The Committee for a Responsible Federal Budget has crunched those great Obamacare numbers from the
Congressional Budget Office
last month, and has figured out that there will be a $900 billion slowdown
in federal health care spending, and it pinpoints where those savings come in.
That big $710 billion chunk in the above graph represents an expected reduction in health spending, compared to previous estimates, because of the slowed growth in health care costs over the last four years. Until about 2010, health care spending grew at a much greater rate than overall economic growth. That's changed, and it's now increasing at about the same rate as the general economy. Exactly why it's slowed so much isn't easy to pinpoint. The great recession and continued economic woes mean people are foregoing health care. But Obamacare has actually played a good part in that.
Buoyed by a 23 percent drop in the cost of Medicare Part D and a 15 percent decline in the projected costs of the Affordable Care Act's (ACA) new coverage through Medicaid and the exchanges, this remarkable slowdown has been a bright spot amidst an otherwise still dim fiscal outlook.
While the slowdown has garnered much attention, much less writing has focused on pinpointing where the downward revisions have occurred. Relative to the size of the program, the largest reduction actually occurred in Medicare Part D, with nearly the largest nominal dollar reduction in spending despite being very small compared to major federal health care programs. This downward revision is in large part due to the broader slowdown in prescription drug costs stemming from the so-called "patent cliff," as a number of widely used, high-cost drugs have come off patent recently. The program's costs have also consistently been revised downward since its implementation.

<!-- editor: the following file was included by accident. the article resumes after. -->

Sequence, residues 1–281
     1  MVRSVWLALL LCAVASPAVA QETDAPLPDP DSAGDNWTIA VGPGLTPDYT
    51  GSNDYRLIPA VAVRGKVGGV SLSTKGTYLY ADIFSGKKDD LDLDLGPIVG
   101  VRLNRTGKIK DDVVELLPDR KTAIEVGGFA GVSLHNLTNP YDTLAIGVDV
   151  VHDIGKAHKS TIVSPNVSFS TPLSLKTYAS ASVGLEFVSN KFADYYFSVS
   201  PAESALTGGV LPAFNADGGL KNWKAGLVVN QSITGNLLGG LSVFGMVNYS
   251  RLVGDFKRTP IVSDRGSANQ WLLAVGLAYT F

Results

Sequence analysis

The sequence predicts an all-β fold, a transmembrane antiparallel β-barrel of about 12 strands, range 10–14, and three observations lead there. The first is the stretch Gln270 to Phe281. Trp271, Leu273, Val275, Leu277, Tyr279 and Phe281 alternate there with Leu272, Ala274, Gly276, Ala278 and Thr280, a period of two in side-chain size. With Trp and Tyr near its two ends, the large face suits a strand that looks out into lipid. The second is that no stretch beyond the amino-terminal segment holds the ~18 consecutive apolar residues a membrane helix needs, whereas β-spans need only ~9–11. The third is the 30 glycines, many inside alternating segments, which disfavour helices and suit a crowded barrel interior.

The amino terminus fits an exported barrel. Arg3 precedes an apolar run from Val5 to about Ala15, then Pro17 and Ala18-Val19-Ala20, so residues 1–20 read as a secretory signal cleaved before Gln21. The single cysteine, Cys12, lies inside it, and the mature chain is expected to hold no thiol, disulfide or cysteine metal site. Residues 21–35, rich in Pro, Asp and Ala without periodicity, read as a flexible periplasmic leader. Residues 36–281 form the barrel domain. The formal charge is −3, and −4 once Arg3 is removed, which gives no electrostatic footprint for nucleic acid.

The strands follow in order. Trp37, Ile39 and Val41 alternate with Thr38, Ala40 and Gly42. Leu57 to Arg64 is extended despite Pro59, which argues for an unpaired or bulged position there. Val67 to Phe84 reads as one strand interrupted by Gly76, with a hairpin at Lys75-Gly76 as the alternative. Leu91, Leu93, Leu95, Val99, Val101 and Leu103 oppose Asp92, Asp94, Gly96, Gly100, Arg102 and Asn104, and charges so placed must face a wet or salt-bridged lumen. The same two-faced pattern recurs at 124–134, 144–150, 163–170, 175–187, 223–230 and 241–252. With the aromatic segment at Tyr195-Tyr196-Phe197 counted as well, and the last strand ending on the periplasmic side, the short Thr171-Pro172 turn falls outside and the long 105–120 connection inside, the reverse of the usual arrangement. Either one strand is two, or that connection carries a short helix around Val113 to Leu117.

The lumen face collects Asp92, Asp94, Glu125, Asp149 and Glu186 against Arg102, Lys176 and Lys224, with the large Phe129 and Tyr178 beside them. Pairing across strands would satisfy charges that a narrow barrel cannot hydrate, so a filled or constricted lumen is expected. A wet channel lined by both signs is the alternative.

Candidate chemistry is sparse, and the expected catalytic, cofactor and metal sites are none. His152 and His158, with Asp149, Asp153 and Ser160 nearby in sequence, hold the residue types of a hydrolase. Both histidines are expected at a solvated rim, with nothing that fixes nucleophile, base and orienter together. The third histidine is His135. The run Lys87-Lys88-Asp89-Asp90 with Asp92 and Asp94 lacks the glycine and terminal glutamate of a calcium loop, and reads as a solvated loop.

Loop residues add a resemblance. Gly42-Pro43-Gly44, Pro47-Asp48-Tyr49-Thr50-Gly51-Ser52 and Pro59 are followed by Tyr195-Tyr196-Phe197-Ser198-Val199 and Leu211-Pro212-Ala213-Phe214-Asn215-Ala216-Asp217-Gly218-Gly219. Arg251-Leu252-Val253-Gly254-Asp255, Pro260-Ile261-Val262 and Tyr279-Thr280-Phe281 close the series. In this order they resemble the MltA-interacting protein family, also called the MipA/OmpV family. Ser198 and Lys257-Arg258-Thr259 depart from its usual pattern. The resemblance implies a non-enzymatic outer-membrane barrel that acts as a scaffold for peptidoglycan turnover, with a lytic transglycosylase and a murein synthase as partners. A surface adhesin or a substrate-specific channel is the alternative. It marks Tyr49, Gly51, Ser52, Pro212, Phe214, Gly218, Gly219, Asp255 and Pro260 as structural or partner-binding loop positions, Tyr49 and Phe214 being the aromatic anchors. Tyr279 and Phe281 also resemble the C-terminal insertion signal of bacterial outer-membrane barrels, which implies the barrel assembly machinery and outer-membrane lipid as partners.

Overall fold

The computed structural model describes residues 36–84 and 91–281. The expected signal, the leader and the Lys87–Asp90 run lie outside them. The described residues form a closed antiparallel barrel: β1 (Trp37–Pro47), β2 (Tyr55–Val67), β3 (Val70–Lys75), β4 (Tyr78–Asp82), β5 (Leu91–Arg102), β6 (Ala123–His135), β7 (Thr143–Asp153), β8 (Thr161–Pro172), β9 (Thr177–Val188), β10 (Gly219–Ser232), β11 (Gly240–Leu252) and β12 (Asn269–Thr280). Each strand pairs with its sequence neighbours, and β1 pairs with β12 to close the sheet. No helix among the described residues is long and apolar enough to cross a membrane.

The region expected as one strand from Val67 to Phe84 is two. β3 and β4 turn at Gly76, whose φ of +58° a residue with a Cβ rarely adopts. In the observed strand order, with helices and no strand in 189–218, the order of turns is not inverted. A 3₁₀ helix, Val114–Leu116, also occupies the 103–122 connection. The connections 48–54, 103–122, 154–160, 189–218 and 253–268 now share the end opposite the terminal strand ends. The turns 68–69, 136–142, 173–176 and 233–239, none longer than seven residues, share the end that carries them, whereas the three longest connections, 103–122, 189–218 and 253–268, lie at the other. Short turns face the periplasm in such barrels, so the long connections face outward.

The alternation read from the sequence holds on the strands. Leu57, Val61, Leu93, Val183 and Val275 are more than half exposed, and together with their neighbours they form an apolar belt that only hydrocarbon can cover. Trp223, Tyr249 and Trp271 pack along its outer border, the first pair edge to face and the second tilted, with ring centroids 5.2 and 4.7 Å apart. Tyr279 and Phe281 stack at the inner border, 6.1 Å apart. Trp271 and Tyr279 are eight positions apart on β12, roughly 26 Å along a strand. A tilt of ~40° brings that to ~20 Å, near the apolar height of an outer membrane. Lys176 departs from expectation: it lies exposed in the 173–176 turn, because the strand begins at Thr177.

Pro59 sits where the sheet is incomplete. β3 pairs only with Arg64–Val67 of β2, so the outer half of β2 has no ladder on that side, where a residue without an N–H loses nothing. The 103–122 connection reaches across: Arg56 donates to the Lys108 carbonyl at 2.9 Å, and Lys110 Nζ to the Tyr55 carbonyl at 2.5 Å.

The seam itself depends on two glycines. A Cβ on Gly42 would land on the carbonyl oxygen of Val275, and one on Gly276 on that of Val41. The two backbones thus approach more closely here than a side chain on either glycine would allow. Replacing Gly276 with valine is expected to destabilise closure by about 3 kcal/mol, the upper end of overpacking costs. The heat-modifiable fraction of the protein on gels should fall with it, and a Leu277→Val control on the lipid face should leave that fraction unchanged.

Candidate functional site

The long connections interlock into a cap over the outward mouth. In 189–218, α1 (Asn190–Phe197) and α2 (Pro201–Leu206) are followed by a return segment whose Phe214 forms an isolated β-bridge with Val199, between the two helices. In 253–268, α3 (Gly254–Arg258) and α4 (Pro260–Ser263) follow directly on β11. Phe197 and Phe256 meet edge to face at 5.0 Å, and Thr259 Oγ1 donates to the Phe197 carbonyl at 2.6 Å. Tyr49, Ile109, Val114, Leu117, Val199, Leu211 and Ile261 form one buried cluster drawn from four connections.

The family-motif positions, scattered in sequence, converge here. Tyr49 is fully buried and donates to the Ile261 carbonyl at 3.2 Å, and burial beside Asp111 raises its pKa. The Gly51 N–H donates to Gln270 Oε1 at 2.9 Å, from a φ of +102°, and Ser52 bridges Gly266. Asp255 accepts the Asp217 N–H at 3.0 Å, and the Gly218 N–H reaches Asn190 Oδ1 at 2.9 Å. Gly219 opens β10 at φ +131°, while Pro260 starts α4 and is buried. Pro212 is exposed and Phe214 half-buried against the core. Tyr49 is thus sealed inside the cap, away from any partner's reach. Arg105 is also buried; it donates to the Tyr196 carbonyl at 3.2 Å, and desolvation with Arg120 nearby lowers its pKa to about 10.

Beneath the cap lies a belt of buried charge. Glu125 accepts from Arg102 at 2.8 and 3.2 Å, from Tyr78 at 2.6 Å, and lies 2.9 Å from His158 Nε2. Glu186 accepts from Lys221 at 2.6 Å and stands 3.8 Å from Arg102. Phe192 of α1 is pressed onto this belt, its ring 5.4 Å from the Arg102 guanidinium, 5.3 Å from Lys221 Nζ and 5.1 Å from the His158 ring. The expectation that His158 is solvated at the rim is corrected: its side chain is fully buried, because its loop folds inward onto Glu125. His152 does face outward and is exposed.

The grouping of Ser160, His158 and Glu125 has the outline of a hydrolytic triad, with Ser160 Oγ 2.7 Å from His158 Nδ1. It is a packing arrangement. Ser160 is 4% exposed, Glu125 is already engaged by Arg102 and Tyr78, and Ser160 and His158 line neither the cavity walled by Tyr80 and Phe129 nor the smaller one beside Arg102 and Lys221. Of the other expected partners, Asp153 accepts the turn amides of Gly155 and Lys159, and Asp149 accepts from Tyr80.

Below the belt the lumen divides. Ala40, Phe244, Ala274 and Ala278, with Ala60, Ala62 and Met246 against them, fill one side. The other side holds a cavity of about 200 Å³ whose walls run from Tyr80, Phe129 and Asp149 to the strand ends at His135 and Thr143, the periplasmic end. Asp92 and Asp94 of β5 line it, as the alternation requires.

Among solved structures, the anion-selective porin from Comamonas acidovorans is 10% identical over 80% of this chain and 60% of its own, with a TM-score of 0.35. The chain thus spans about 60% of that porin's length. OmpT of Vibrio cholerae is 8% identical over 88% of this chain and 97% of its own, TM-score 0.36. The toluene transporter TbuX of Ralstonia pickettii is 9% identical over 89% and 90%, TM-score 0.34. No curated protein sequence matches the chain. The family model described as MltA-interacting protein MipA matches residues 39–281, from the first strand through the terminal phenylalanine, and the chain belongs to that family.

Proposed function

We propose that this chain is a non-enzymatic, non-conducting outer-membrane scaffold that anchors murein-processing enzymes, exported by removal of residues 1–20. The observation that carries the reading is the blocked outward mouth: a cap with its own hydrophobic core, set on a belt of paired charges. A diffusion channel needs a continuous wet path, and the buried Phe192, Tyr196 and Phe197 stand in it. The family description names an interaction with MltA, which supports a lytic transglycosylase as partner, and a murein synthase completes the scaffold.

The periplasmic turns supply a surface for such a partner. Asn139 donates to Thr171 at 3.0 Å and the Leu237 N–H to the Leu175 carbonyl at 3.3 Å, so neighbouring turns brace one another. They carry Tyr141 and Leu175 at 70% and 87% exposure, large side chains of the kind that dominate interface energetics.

One of the things this data analysis can do is point the way to where further reforms might be most effective. For example, that Medicare Part D—prescription drug coverage—23 percent reduction is really, really big. Just think what the federal government could save there if it could negotiate drug prices for Medicare like it does for the Veterans Administration.
Even with the expected increase in the rate of health care spending this year—millions of people now gaining insurance and using it will increase spending—the outlook for Obamacare and for health care spending looks pretty good for the next several years, perhaps a decade. That doesn't preclude further reforms, because we're still spending an insane amount of money on health care in this nation, relative to every other developed country on Earth. But it should buoy up policymakers, and encourage them to keep going with the reform.
It also, by the way, is another nail in the Republican's anti-Obamacare coffin. That's always a good thing.
Comments are closed on this story.